**Solvent (A)** \begin{equation} \mu_A=\mu_{A}^{0}+RTlnx_A \end{equation} To define the normal state we must cancel the term $RTlnx_A$ and for this we do $x_A \rightarrow 1$ so that $lnx_A \rightarrow 0$ \begin{equation} \mu_{A}^{0}=\mu_{A}^{\ast}(T,P) \end{equation} The normal state of the solvent is defined as a pure solvent at the temperature and pressure of the solution.

**Solute (i)** \begin{equation} \mu_i=\mu_{i}^{0}+RTlnx_i \end{equation} To define the normal state we must make $x_i \rightarrow 1$, but when $x_i$ increases the solution is no longer ideally dilute. This forces us to define the normal state $\mu_{i}^{0}$ in a fictitious way.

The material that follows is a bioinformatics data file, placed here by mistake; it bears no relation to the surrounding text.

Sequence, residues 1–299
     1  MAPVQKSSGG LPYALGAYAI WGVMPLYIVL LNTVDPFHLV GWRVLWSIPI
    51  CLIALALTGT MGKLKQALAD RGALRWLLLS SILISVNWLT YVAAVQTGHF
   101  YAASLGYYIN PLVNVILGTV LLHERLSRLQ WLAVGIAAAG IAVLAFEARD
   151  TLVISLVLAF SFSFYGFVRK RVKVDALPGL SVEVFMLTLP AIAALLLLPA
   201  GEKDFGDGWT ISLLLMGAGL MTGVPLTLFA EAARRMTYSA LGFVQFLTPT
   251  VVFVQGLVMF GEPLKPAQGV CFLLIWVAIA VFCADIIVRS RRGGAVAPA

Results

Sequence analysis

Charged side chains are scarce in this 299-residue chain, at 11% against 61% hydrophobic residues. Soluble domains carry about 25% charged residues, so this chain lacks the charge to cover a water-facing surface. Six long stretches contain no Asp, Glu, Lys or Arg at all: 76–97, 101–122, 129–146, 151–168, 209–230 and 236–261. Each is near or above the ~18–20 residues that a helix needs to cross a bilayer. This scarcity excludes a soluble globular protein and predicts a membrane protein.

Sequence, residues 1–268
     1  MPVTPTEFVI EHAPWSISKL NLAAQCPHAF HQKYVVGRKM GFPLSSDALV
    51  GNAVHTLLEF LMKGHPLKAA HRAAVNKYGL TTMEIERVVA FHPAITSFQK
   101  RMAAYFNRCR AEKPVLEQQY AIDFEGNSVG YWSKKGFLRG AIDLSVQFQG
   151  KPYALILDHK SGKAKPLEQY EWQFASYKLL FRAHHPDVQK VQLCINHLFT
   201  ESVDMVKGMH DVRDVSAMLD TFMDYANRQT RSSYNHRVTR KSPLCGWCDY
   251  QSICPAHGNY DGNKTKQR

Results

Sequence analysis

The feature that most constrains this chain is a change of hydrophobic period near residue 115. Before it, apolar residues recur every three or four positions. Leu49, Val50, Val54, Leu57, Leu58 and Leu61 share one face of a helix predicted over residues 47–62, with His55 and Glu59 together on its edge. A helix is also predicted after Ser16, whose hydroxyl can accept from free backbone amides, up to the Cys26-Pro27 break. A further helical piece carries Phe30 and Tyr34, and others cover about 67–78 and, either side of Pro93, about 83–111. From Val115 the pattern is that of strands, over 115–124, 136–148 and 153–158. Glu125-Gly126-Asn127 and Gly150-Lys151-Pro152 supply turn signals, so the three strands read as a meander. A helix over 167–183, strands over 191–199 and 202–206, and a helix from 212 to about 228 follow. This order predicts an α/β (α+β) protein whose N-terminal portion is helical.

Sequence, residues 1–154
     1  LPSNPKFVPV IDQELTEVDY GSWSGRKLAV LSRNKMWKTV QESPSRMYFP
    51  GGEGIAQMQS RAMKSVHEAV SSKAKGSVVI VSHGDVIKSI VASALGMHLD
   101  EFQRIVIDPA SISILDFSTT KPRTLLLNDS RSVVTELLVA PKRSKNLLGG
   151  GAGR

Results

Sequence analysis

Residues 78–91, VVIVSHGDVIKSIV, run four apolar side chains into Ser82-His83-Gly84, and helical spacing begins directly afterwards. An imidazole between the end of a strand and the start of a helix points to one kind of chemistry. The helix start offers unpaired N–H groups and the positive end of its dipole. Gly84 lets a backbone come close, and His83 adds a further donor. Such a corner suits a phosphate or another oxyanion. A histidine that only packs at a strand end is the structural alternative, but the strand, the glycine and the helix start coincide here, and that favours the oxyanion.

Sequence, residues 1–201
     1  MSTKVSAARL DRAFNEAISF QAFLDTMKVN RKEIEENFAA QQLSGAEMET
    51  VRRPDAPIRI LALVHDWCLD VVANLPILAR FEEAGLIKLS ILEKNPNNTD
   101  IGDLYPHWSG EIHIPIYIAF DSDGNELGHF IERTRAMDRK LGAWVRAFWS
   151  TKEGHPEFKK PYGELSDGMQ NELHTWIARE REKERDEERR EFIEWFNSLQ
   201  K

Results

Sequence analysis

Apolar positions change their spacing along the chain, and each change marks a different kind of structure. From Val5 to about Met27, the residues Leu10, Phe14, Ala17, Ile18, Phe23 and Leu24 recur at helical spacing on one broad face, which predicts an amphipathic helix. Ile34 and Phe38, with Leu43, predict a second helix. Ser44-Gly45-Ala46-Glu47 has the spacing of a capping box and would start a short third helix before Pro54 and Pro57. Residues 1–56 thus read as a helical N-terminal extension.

$µ_i^{0}$ is defined as the state in which i is pure and also each molecule of i experiences the same intermolecular forces as in an ideal dilute solution.